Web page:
Apo Island is a volcanic island which lies approximately 10 kilometers off the southeastern tip of Negros Island and 30 kilometers south of the Negros Oriental capital of Dumaguete in the Philippines.
The area around the island is a protected marine reserve and has become one of the most popular dive sites in the Philippines. With a population of under 1000 people, the island has remained virtually untouched by developers resulting in a healthy and thriving ecosystem. The small town uses gathered rainwater as tap water. There is electricity only 3 hours a day, and there is no wifi connectivity (except for Liberty Lodge, and it is strictly for hotel guests only—eating at their restaurant will not grant you access to the wifi).
The island is currently home to over 650 documented species of fish and estimated to have over 400 species of corals. Most of the Philippines’ 450 species of coral can be found here, from tiny bubble corals to huge gorgonian sea fans and brain corals. Visitors and tourists pay a fee to enter Apo Island and to snorkel or dive in the marine sanctuary there. These fees are used to keep the sanctuary clean and in good condition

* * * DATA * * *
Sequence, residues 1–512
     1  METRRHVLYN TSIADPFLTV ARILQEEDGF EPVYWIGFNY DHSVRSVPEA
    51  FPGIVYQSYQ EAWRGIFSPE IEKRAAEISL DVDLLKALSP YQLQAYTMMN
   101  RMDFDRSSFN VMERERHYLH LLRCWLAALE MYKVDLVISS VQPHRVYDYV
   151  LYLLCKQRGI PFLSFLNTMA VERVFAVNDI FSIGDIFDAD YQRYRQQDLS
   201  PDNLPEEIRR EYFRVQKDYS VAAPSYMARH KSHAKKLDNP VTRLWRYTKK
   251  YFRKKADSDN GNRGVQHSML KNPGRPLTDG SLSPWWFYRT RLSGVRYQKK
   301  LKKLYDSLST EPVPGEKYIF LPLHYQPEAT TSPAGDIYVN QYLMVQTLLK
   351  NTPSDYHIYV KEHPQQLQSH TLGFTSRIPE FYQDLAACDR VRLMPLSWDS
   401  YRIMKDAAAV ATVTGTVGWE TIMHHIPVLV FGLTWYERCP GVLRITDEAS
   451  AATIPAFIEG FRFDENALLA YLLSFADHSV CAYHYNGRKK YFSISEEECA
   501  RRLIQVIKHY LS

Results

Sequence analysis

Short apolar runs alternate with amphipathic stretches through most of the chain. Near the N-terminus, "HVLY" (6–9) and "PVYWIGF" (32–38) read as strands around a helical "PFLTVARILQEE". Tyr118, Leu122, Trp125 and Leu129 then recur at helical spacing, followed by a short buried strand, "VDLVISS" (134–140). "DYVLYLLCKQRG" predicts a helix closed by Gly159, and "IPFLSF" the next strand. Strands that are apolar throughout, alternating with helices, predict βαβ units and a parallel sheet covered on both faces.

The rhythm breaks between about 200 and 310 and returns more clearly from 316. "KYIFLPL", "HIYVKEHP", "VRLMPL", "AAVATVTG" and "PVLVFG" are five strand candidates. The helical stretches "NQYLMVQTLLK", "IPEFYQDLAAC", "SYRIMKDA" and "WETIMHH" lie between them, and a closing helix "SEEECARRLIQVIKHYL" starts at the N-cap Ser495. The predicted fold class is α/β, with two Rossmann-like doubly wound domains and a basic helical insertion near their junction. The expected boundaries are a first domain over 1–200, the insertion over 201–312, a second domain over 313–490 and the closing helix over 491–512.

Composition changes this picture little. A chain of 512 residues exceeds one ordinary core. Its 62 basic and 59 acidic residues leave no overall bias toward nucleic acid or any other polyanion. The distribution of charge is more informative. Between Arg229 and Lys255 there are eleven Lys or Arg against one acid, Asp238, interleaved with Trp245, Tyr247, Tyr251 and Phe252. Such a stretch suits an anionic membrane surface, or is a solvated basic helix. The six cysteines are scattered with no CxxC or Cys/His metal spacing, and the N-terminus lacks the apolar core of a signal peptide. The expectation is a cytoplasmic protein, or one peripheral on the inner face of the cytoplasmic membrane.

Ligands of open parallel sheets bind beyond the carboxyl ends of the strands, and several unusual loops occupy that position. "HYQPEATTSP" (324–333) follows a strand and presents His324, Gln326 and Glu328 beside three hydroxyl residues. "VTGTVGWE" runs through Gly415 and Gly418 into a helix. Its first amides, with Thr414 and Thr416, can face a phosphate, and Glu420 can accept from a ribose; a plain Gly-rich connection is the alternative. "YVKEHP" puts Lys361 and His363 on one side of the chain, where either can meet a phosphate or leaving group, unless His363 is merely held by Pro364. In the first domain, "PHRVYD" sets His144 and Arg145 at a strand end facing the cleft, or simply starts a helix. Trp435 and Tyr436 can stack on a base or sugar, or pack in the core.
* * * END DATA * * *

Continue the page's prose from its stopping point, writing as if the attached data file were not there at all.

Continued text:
From our hotel in Dumaguete, we headed 45 kilometers south to Malatapay where we chartered a private bangka boat for 2500 pesos. We arrived at Apo Island about 30 minutes later.
None of the small boats have any curtains on the sides, so assume that you will be soaked within minutes of leaving. The trip to Apo takes close to an hour and is over rough, choppy, open ocean. Wear a life vest, place all of your belongings in a dry bag, be prepared to hang on tight, and enjoy the ride!
Upon arrival, you will be asked to pay a 100 peso per person “island fee.” There are several eco trails on the island, a lighthouse trek, a small beach for sunbathing, a decent restaurant, but most people come here for one thing.
The wild sea turtles…..